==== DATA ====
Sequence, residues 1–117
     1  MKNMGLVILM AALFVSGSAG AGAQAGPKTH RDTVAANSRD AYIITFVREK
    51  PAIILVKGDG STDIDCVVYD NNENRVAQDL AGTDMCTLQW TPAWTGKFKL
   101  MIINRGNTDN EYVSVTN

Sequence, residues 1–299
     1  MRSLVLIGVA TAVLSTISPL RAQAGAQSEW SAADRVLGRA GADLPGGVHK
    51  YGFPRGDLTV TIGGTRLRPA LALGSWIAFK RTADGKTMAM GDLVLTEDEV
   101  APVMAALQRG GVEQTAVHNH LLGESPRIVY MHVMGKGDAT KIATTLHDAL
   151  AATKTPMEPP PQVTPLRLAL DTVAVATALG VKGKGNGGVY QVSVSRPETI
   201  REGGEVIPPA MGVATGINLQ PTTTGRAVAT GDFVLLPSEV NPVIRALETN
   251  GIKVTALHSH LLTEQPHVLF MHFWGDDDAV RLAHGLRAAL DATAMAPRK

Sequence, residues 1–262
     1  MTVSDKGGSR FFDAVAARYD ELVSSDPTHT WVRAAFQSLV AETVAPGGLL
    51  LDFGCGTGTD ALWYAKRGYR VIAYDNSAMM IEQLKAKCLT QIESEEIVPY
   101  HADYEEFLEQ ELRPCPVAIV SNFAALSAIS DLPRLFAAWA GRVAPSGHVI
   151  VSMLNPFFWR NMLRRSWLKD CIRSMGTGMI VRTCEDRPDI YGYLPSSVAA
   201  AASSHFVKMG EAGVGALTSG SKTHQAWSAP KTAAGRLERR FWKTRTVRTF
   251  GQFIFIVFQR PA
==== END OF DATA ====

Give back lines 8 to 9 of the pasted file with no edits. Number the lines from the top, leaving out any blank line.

   101  APVMAALQRG GVEQTAVHNH LLGESPRIVY MHVMGKGDAT KIATTLHDAL
   151  AATKTPMEPP PQVTPLRLAL DTVAVATALG VKGKGNGGVY QVSVSRPETI